Equally intriguing is her other body of work titled White Grass (2009), displayed in another section of the gallery. Gattani, trained in print making, explores the dimension of depth through chipping the surface of paper. The works are an abstract body of drawings which are created through a process of repetition by carefully peeling off the surface with a sharp blade. The artist has impressively created a  three dimensionality by simply cutting the canvas and raising parts of it, instilling a need for the audience to dive deeper into the artwork to appreciate the 3D aspect of it. Furthermore, the works appear to be influenced by paintings of Rothko, while some resemble an architectural blueprint, and other textures of textiles such as jute and khadi. However, the artist dismisses all such claims by saying that there was no such intent on her behalf to create such affects.



Interestingly, her series of drawings are devoid of figurative images. Since the artist explores the many facets of Bombay that have woven themselves through her installation, Gattani could have incorporated occupations of people who have got dismissed with time —  flute sellers, knife sharpeners, lottery-wallas, and corn-removers. Perhaps, the artist has deliberately moved away from the stereotype of Bombay being known for its overpopulation. However, the essence of the city is characterised by its diversity — an ability to absorb people from different segments of society along with providing them with  a space to make a living by creating supplies for demands.

Nevertheless, her work beautifully constitutes the nexus between herself and those who receive it. Thus, having spent over three months engaging within the studio gallery, Gattani’s site-specific installation does indeed create a visceral experience for the viewer, which is playful yet solemn. Her work then can be understood as a canvas of urbanism, environment, and cityscapes gently integrated into place.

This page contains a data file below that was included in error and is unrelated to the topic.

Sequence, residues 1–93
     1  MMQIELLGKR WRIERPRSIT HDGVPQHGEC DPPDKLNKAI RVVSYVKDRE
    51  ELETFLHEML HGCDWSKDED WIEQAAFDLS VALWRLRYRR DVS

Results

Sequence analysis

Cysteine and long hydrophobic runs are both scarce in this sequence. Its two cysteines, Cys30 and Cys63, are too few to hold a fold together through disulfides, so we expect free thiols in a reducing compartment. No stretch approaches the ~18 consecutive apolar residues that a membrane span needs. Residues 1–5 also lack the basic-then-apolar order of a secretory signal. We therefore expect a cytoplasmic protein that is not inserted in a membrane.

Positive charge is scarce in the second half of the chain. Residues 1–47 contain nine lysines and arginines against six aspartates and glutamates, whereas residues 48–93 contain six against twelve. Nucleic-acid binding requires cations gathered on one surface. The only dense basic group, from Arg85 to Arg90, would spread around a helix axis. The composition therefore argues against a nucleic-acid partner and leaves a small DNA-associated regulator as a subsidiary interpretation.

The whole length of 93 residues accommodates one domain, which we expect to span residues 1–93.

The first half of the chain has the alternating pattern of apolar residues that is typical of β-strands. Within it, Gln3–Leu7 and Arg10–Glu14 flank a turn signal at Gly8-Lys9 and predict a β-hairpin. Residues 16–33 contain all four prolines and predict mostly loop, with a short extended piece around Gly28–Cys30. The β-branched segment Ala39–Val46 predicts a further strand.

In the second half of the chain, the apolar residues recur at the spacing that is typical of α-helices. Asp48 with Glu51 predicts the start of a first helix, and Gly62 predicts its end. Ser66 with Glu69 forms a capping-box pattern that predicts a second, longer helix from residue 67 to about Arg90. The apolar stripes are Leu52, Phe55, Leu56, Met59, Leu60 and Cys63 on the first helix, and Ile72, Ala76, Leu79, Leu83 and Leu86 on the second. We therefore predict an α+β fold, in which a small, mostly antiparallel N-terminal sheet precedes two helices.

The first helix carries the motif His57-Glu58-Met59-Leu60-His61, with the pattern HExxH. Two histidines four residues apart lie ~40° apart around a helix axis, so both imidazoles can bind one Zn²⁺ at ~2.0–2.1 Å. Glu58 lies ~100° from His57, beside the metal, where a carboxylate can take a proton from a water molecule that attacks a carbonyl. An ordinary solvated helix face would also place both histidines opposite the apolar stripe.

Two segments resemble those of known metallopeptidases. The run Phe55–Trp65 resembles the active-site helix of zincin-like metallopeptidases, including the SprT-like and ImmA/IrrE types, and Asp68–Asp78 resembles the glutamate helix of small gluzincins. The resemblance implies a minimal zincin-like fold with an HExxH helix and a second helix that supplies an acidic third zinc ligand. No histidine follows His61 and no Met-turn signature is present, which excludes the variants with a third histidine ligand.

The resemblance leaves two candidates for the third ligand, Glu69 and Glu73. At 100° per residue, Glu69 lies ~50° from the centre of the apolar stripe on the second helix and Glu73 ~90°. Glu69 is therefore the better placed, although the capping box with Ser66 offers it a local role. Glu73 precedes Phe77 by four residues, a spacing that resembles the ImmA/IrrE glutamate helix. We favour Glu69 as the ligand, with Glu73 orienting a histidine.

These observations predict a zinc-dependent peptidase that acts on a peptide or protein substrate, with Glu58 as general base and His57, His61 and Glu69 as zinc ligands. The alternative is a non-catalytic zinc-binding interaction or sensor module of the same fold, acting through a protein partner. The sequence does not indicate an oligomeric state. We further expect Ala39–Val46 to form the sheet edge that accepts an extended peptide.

Rana Begum | The Space Between


An interplay of light and shadow on human-made forms, Rana Begum’s latest body of work uses geometric abstraction as a visual tool to create an aesthetically pleasing experience for viewers. Her visually serene sculptures are an intersection of hard-edged shapes and softly diffused lights, aspiring to create a sense of purity and harmony. A series of past and present artworks which trace the dynamic relationship between shape, form, and colour are part of Begum’s first solo exhibition titled “The Space Between” featured at a public space at London’s Parasol Unit.

Inspired by Islamic architecture and by pioneers of minimalism such as Ellsworth Kelly and Sol LeWitt, Begum’s work oscillates between the ornamental, meditative, and industrial. Her body of work comprises of delicately folded steel sheets which emulate the Japanese art of origami. With a desire to create artwork which is pure and simple, her work is an conjunction of hard-edged metal material with the soft reflections producing moments of aesthetic wonder.

For instance in No. 555 and No. 563, we sense a geometric equilibrium which make the folded metal works appear almost weightless. Each folded sheet is meticulously constructed, with the underside side coated with fluorescent colours, thereby creating reflections falling upon the supporting wall. The outcome of such graceful works attribute a sense of lightness and fragility to the sculpture, further making the work appear buoyant. In the first work, the white and sea weed green are juxtaposed to give prominence to the geometrical contours in the body of work. The reflection creates a powerful effect of a third dimension which not only is vividly poetic, but also a visceral experience for the viewer who is exploring the multi-perspective quality the body work has to offer.